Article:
How to use the framework in POSIX

The project is being ported to POSIX. The following development environment is being used:

Clang with libc++ was chosen for being a modern and fast toolchain, which is already fully compliant with C++11 and can compile everything MSVC 2013 can (and more). You can set up this development environment yourself following the steps below.

1. Install the toolchain
Install the packages for Clang version 3.5 or later (the port is being tested with version 3.6, but version 3.3 is likely to be enough, because it is already C++11 fully compliant), along with libc++1, libc++-dev, libc++abi1 and libc++abi-dev.

2. Install CMake or build Qt5
The easiest way is to use CMake as make system. You can install CMake in ubuntu running the command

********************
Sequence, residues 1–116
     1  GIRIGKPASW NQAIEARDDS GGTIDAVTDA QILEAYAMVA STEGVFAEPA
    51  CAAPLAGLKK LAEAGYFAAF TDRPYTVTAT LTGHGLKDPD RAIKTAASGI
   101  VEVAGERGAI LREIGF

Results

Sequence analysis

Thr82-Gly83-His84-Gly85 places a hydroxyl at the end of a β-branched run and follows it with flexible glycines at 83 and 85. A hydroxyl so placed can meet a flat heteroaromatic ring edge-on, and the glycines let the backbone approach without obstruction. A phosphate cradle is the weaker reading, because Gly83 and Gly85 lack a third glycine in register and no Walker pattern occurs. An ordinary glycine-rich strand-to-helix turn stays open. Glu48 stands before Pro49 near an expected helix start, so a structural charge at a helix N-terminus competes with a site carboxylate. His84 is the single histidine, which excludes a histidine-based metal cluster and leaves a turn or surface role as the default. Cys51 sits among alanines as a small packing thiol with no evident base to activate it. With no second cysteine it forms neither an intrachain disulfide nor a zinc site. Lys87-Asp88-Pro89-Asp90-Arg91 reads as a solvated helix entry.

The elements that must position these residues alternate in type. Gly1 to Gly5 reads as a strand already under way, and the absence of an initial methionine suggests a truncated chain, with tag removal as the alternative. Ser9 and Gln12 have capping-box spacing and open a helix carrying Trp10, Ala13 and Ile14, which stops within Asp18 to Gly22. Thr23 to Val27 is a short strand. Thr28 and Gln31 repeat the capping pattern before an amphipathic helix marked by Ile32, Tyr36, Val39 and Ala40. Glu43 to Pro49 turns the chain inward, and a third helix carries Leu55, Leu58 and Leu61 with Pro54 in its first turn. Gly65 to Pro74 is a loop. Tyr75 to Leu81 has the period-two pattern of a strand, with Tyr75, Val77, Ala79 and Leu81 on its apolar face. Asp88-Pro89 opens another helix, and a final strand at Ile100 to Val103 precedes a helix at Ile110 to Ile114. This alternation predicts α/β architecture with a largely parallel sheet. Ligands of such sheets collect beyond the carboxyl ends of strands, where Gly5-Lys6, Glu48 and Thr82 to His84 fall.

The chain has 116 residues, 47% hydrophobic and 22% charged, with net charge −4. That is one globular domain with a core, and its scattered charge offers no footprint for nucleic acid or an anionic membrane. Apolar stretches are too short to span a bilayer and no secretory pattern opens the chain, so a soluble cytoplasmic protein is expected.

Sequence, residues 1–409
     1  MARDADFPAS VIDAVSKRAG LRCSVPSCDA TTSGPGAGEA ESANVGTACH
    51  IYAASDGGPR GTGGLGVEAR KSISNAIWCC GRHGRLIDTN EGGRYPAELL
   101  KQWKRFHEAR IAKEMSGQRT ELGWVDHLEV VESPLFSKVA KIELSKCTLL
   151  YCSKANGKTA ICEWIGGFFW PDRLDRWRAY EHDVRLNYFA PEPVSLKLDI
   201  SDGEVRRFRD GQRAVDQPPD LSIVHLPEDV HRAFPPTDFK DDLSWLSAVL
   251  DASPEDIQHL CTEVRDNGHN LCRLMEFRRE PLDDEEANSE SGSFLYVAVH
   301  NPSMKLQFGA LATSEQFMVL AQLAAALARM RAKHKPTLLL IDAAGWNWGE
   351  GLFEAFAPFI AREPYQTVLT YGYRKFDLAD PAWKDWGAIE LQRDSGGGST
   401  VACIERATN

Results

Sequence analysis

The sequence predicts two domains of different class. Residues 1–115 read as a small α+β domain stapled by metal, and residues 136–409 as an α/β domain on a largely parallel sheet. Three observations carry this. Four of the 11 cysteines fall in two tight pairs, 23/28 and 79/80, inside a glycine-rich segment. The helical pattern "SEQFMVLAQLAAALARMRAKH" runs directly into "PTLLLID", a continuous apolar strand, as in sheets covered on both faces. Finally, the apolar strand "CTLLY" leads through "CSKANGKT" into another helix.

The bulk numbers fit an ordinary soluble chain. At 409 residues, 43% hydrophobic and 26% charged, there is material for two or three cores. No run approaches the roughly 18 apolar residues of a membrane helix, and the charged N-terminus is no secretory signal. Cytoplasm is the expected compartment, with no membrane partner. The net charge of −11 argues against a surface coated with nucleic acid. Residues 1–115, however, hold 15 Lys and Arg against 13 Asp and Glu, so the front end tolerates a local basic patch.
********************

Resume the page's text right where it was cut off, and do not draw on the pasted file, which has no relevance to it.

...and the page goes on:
sudo apt-get install cmake

If you want to use QMake as your make system, or if you want full integration of Qt Creator IDE with the clang compiler, then you need to build the Qt framework from source using clang and libc++.
Why? QtCreator comes with a Qt instance built by gcc64 and libstdc++, which means the make system will not work perfectly with clang & libc++. For that, you can follow http://qt-project.org/doc/qt-5/linux-building.html. Do not forget to read http://qt-project.org/doc/qt-5/configure-options.html and set the configure step to use "linux-clang-libc++" mkspec.

After Qt framework is built, set up QtCreator IDE to use a kit consisting of clang, the Qt5 instance you compiled and the mkspec "linux-clang-libc++".